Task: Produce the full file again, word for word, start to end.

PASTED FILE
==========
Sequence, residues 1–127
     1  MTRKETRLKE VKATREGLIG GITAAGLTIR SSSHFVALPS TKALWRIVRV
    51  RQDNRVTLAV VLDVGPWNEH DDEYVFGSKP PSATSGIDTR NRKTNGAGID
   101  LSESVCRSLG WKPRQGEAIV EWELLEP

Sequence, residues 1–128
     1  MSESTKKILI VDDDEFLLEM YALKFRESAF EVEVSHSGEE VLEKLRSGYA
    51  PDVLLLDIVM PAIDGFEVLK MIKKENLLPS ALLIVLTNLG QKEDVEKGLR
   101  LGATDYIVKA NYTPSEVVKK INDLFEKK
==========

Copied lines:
Sequence, residues 1–127
     1  MTRKETRLKE VKATREGLIG GITAAGLTIR SSSHFVALPS TKALWRIVRV
    51  RQDNRVTLAV VLDVGPWNEH DDEYVFGSKP PSATSGIDTR NRKTNGAGID
   101  LSESVCRSLG WKPRQGEAIV EWELLEP

Sequence, residues 1–128
     1  MSESTKKILI VDDDEFLLEM YALKFRESAF EVEVSHSGEE VLEKLRSGYA
    51  PDVLLLDIVM PAIDGFEVLK MIKKENLLPS ALLIVLTNLG QKEDVEKGLR
   101  LGATDYIVKA NYTPSEVVKK INDLFEKK